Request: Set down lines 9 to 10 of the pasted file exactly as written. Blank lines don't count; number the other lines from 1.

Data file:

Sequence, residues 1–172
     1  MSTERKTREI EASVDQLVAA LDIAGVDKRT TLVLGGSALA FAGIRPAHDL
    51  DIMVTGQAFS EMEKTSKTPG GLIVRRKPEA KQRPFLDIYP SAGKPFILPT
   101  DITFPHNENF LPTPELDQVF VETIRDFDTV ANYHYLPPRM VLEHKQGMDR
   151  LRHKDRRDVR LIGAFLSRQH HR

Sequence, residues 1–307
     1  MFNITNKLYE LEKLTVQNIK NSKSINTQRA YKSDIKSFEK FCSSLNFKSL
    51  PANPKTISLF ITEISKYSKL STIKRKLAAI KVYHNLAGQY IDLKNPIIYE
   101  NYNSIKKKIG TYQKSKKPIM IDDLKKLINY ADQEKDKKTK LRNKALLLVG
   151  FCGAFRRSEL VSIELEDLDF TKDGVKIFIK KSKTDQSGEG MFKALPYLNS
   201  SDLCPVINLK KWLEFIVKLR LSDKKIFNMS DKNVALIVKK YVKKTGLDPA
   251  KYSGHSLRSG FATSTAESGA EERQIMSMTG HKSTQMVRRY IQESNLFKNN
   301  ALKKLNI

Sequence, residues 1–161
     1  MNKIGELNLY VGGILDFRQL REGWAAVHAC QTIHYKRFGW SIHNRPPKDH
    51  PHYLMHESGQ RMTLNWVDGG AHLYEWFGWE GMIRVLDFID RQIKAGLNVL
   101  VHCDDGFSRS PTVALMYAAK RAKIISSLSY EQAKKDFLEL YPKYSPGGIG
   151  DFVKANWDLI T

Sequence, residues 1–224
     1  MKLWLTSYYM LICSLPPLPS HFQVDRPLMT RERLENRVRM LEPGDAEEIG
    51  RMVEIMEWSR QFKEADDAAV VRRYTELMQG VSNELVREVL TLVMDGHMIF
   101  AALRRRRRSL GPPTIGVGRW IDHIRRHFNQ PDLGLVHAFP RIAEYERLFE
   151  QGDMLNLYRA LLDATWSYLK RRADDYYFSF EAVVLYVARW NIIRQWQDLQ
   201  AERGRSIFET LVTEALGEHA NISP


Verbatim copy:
   101  NYNSIKKKIG TYQKSKKPIM IDDLKKLINY ADQEKDKKTK LRNKALLLVG
   151  FCGAFRRSEL VSIELEDLDF TKDGVKIFIK KSKTDQSGEG MFKALPYLNS